As recent news headlines have shown, bystanders can play a pivotal role when it comes to sexual assault and relationship violence. But experts will tell you that the most challenging part is spreading awareness about bystander intervention, especially among teens and college students.

That is why researchers at the University of New Hampshire are looking at gaming as a way to introduce intervention strategies. They found that video games show promise as a tool to share information and influence bystander attitudes and efficacy in situations of sexual violence. 

The importance of being a bystander

"While talking one-on-one is the gold standard when it comes to the importance of being bystander and doing something to help, we wanted to find a more familiar way to reach a generation that is used to get their information in a fast-paced online format, "said Sharyn Potter, professor of sociology and executive director of UNH's Prevention Innovations Research Center.

"We thought that creating gaming scenarios that immersed players in trivia games or role-playing environments might help us tap into some of the harder to reach populations," said Potter.

In their study, recently published in the Games for Health Journal, researchers at UNH's Prevention Innovations Research Center and the Tiltfactor Laboratory at Dartmouth College collaborated with nine students of varying ethnicity, gender, and fields of study to create two video games that teach bystander intervention skills to college students in situations of sexual and relationship violence and stalking.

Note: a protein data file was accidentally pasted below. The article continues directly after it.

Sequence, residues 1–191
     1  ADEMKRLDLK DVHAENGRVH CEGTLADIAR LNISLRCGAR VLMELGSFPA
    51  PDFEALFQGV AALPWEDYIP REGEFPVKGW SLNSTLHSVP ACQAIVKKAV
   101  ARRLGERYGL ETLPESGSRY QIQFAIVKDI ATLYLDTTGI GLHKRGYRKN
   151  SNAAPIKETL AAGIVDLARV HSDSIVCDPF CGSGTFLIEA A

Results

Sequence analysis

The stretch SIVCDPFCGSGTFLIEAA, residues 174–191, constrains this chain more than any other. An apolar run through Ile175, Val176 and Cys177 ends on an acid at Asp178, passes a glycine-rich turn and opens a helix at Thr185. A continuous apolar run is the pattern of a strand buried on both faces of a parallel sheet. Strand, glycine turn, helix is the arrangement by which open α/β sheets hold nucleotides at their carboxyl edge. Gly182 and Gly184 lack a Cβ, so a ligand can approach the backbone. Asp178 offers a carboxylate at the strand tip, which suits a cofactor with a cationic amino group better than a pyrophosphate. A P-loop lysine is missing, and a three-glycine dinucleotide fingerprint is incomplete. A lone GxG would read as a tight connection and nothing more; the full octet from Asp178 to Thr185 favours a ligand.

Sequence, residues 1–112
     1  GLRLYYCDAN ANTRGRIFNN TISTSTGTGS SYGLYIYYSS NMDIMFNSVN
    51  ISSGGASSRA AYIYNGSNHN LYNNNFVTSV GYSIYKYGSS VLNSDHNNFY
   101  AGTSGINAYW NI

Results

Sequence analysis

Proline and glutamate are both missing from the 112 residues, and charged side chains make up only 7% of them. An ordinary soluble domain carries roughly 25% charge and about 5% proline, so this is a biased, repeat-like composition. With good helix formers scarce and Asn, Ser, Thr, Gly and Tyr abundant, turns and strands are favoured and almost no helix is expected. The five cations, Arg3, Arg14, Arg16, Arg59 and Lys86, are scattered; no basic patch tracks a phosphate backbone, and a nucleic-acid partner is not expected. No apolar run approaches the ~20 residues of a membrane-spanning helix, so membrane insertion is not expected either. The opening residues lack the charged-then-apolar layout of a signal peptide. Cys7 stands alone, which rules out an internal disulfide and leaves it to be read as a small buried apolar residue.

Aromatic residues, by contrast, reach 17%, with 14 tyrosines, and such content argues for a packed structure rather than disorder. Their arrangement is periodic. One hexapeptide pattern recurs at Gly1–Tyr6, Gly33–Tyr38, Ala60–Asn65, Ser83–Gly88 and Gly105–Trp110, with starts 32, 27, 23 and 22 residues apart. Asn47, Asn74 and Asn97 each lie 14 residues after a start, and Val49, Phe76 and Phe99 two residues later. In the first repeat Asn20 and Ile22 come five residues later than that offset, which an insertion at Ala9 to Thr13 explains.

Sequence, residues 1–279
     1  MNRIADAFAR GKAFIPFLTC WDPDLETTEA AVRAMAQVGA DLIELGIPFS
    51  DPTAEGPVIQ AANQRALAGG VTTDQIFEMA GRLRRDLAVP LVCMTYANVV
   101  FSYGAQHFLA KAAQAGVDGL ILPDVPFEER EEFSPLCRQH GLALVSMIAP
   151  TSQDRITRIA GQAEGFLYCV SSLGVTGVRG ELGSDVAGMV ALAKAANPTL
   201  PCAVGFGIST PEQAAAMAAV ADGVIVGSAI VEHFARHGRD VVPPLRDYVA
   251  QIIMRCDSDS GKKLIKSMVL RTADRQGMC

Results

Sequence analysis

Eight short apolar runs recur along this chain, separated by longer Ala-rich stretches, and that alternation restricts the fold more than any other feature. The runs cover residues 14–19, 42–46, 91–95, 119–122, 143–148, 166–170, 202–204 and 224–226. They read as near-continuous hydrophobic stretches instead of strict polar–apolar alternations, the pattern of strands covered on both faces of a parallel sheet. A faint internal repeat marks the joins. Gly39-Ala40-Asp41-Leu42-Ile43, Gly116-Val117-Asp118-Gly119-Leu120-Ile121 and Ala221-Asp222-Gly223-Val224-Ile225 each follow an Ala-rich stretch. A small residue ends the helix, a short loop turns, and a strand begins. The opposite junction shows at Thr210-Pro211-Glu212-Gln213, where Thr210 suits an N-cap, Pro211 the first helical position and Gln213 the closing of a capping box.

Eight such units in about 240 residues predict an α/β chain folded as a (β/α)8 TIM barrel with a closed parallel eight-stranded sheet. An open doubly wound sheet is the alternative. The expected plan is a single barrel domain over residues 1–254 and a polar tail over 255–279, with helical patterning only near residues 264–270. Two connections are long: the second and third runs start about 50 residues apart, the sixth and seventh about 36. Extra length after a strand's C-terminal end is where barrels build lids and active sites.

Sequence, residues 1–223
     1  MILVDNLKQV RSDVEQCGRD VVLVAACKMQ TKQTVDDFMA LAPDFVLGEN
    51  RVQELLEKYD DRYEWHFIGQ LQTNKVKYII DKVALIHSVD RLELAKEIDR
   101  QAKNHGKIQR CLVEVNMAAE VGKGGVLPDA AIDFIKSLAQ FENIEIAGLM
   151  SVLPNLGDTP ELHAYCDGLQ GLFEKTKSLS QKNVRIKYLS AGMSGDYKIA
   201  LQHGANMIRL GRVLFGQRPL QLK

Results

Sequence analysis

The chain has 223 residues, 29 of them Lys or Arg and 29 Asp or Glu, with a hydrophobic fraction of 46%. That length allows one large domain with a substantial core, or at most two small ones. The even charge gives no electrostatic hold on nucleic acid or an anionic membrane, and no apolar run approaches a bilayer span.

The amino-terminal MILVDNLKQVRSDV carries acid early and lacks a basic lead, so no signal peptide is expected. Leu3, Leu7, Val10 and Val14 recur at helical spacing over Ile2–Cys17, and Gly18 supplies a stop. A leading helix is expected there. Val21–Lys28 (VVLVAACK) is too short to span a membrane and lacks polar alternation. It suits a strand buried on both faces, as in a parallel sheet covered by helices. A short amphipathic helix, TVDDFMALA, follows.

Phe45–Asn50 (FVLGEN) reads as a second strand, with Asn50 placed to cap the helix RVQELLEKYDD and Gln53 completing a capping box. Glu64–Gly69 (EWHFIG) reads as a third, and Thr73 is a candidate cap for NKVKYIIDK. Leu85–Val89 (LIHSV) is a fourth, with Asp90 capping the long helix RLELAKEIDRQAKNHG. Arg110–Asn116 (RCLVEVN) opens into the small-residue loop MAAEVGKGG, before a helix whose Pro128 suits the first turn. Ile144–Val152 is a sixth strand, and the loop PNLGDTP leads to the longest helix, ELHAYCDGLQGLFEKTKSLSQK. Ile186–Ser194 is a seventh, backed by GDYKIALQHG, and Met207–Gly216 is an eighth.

The research team pooled ideas to create a trivia game called  Mindflock  and an interactive scenario game called  Ship Happens  that were pilot tested by college freshmen.

Eachgame included subject matter related to sexual assault and bystander intervention, as well as general campus information, pop culture, and entertainment SW The main themes of the game would not be too obvious and potentially cause participants to lose interest.

Awareness material and practices from Bringing in the Bystander® In-Person Prevention Program and the Know Your Power® Bystander Social Marketing Campaign, both developed by UNH's Prevention Innovations Research Center, were woven into the games.

The video games drew from the real-life scenarios of college students and emphasized the importance of community responsibility in reducing sexual and relationship violence and stalking.

Researchers found that both games had a significant impact on participant bystander efficacy and that video game platforms can be effective mechanisms for conveying public health behavior information by giving players an opportunity to privately practice skills that require confidence to use in public. The interactive scenario game was especially effective in increasing male attitudes towards bystander intervention.

Sexual assault is the most common violent crime committed on college campuses today. One in five women has experienced a completed or attempted sexual assault as an undergraduate. Due to high rates of victimization, sexual assault is a major public health concern for women in particular.